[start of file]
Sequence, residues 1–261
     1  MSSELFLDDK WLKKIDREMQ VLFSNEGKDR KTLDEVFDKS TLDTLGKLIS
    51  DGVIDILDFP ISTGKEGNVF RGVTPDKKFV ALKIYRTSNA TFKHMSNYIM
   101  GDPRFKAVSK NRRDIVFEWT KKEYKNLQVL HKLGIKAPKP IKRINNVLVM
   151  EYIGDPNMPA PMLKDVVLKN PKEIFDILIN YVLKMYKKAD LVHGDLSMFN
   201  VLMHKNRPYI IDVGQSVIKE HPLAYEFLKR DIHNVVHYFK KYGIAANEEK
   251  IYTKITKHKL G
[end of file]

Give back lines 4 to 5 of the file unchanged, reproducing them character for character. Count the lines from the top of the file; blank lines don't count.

   101  GDPRFKAVSK NRRDIVFEWT KKEYKNLQVL HKLGIKAPKP IKRINNVLVM
   151  EYIGDPNMPA PMLKDVVLKN PKEIFDILIN YVLKMYKKAD LVHGDLSMFN